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Research Article

Release of Sodium and Potassium Ions by Aqueous and Ethanolic Extract of Cassia Occidentalis on Some Selected Bacteria

M.K. Oladunmoye, F.C. Adetuyi and F.A. Akinyosoye
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The rate of release of sodium and potassium ions by aqueous and ethanolic extract of leaves of Cassia occidentalis was investigated for some selected pathogenic bacteria in the genera Bacillus, Staphylococcus, Echerichia, Streptococcus, Klebsiella, Pseudomonas and Salmonella using flame photometer. The aqueous extract was found to be more effective in the leakage of Na+ and K+ ions than the ethanolic extract for all organisms investigated except Salmonella. The aqueous extract released 2.66 ppm sodium ions on Pseudomonas aeruginosa, whereas ethanolic extract released 13.3 ppm while the K+ ions released are 9.282 and 49.980 ppm for ethanolic and aqueous extract, respectively. It was found that only Salmonella typhii gives higher leakages of sodium and potassium ions for ethanolic extract than the aqueous extract. Comparison of the amount of Na + and K+ ions release by the plant extract with two commercial antibiotic (Chloramphenicol and tetracycline) showed that the latter gives a higher value than the former. For sodium ion, Bacillus substilis gives 167 ppm and 164 ppm for chloramphenicol and tetracycline respectively where as 2.28 and 3.42 ppm was measured for ethanorlic and aqeous extract of the Cassia occidentalis responsively. There was no significant difference in the amount of leaked Na+ ions and potassium ions between the two antibiotics. For Na+, Salmonella typhi has 164 ppm for chloramphenicol and 163 ppm for tetracycline while the value for Proteus vulgaris was 160 and 163 ppm, respectively.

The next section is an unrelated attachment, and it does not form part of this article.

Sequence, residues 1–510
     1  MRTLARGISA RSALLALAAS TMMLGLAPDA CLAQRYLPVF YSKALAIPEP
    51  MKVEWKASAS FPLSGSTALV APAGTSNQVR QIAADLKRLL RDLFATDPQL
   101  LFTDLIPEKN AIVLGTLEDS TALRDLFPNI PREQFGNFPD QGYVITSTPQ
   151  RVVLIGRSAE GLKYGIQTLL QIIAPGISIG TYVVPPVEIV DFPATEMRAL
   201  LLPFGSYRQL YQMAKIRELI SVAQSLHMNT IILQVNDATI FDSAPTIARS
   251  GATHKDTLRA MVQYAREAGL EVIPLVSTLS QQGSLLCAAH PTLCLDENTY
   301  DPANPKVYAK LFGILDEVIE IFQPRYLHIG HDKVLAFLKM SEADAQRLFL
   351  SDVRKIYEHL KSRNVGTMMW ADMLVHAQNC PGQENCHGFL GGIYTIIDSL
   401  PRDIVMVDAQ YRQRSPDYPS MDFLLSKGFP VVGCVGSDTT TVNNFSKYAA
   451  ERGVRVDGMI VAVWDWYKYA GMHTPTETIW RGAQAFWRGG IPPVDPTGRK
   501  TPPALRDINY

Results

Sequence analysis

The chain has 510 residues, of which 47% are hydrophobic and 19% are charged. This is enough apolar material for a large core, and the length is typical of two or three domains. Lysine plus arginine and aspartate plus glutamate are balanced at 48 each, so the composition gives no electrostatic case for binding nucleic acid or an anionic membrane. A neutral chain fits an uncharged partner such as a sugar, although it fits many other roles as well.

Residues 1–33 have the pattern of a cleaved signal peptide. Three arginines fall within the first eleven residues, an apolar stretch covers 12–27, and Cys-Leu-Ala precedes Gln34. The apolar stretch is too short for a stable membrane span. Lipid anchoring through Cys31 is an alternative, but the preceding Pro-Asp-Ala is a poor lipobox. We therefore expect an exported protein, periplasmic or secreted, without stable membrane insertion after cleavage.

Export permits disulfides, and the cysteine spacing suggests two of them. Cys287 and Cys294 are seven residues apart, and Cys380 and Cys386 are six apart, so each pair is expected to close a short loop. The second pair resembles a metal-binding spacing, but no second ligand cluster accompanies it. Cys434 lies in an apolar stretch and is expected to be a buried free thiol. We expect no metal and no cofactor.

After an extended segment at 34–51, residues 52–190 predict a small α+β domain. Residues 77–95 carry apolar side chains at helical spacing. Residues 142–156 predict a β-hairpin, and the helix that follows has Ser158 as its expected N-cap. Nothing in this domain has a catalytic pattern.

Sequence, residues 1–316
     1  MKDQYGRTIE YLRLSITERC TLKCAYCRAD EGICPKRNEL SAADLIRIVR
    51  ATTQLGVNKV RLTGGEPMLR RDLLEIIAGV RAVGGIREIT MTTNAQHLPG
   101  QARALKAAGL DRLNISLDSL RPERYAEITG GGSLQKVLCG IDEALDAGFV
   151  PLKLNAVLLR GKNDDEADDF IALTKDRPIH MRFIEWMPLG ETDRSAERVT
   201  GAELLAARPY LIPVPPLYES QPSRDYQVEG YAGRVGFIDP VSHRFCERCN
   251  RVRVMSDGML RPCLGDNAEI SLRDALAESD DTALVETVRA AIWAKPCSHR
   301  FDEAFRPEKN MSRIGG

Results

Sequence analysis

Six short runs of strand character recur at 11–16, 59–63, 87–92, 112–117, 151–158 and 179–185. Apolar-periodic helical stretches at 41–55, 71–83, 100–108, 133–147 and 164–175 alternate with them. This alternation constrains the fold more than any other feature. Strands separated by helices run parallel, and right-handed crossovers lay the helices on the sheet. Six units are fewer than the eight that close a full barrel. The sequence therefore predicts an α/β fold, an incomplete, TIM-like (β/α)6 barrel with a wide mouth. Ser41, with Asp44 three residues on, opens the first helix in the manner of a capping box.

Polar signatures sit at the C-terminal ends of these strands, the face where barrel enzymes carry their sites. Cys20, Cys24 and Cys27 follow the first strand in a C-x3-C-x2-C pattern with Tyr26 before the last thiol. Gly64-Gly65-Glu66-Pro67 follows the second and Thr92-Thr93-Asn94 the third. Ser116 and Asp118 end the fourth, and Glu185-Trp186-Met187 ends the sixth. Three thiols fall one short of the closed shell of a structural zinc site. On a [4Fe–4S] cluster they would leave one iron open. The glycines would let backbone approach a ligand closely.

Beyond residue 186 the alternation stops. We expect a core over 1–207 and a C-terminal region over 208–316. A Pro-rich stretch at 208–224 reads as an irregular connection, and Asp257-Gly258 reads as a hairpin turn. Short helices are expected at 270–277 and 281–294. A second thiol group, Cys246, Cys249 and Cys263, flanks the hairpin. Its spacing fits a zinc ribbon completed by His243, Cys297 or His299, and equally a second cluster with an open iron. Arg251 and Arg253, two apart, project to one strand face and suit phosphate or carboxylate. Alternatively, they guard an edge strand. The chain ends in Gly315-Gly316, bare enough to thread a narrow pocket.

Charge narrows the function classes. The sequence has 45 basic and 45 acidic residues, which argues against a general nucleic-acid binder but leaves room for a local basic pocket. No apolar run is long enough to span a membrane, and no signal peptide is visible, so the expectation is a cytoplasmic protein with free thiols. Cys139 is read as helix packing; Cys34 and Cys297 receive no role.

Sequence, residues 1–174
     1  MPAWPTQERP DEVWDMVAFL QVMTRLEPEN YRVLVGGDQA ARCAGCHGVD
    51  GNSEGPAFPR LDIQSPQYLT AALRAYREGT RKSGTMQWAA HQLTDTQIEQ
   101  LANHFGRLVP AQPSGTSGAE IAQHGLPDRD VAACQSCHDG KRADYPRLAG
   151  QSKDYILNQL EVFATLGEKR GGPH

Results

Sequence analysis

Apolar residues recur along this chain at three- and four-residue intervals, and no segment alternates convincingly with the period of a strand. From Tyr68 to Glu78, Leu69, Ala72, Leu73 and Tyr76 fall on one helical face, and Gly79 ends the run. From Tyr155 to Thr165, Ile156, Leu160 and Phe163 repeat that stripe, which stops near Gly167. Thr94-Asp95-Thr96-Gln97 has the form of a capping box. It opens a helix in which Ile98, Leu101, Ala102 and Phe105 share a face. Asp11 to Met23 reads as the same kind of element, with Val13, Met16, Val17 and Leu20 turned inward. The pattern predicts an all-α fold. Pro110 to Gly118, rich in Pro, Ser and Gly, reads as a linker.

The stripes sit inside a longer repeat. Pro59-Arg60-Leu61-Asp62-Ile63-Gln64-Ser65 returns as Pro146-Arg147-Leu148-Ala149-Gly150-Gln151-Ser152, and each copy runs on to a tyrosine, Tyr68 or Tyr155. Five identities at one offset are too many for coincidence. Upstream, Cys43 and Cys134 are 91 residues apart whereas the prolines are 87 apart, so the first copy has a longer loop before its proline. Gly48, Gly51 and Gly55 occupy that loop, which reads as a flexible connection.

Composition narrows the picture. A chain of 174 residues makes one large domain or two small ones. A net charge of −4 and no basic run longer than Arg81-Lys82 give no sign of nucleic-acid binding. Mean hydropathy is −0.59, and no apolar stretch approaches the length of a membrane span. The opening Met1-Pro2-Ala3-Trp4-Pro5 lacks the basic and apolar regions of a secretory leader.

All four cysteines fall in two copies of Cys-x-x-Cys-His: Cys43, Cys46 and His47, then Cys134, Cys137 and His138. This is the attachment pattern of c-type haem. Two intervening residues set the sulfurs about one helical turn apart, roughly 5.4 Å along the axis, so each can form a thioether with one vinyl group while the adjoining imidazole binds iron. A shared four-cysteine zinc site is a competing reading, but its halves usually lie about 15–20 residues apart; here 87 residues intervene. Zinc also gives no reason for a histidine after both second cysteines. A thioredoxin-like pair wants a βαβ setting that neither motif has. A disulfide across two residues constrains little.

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  How to cite this article:

M.K. Oladunmoye, F.C. Adetuyi and F.A. Akinyosoye, 2007. Release of Sodium and Potassium Ions by Aqueous and Ethanolic Extract of Cassia Occidentalis on Some Selected Bacteria. Trends in Applied Sciences Research, 2: 85-87.

DOI: 10.3923/tasr.2007.85.87



Cassia occidentalis belong to the family Fabaceae and it has been found to posse’s antibacterial, antifungal, laxative analgesic, choleretic and diuretic properties (Cowan, 1999). It has been accepted world wide due to its properties and actions to cure a lot of diseases and illness. It has hence been classified as a medicinal plant with antimicrobial activity.

A number of mechanisms exist for the ant microbial activities of many antimicrobial agents including plant extracts (Mailard, 2002).

These include prevention of cell wall biosynthesis, inhibition of protein synthesis, interference with nucleic acid biosynthesis and interaction with cytoplasmic membrane and its disruption as well as leakage of cytoplasmic constituent like Na+ and potassium ions. There has not been any information on the release of sodium and potassium ions by extract from Cassia occidentalis. The present studies was aimed at determining the leakage of sodium ions by extracts of Cassia occidentalis on some selected pathogenic bacteria so as to determine whether the antimicrobial activities and medicinal properties of the plants is due to leakage of protoplasmic materials or otherwise in order to explain and establish possible mechanism of action (Rio and Recio, 2005).


Leaves of Cassia occidentalis was obtained from Shagarri Quarters in Akure, Nigeria and identified by Mr. S.O. Aduloju of Department of Crop, Soil and Pest Management of the Federal University of Technology, Akure, Nigeria. All analysis was carried out in the Department of Microbiology, Federal University of Technology, Akure, Nigeria, in 2004. The leaves were air dried and ground into powder and dissolve in 60% ethanol and water and the mixtures allowed to stand for 72 h. The mixtures were filtered and the extracts obtained were concentrated in a vacuo using rotary evaporator. The extract was partially purified using column chromatography (Harbone, 1984).

The methods of Davidson (1980) and Ayres and Payne (1984) were adopted for the determination of the leakages of potassium ions from the determination of the leakages of potassium ions from the susceptible microorganism. Eighteen hour old culture was used. These cells were washed twice in physiological saline by centrifugation before use. The inoculum’s size was then adjusted to contain approximately 106 organisms per mL. Exactly 0.5 mL of the cell suspension of each organism was added to 4.5 mL of the prepared concentrations of the fraction give 0.50, 0.25. 0.12., 10.0 and 0.03% w/v. the supernatant solution obtained after centrifugation at 7000 rpm at intervals of 5, 10, 20, 25 and 30 min were analyzed for potassium and sodium ion using flame photometer. Triplicate readings were made for each supernatant.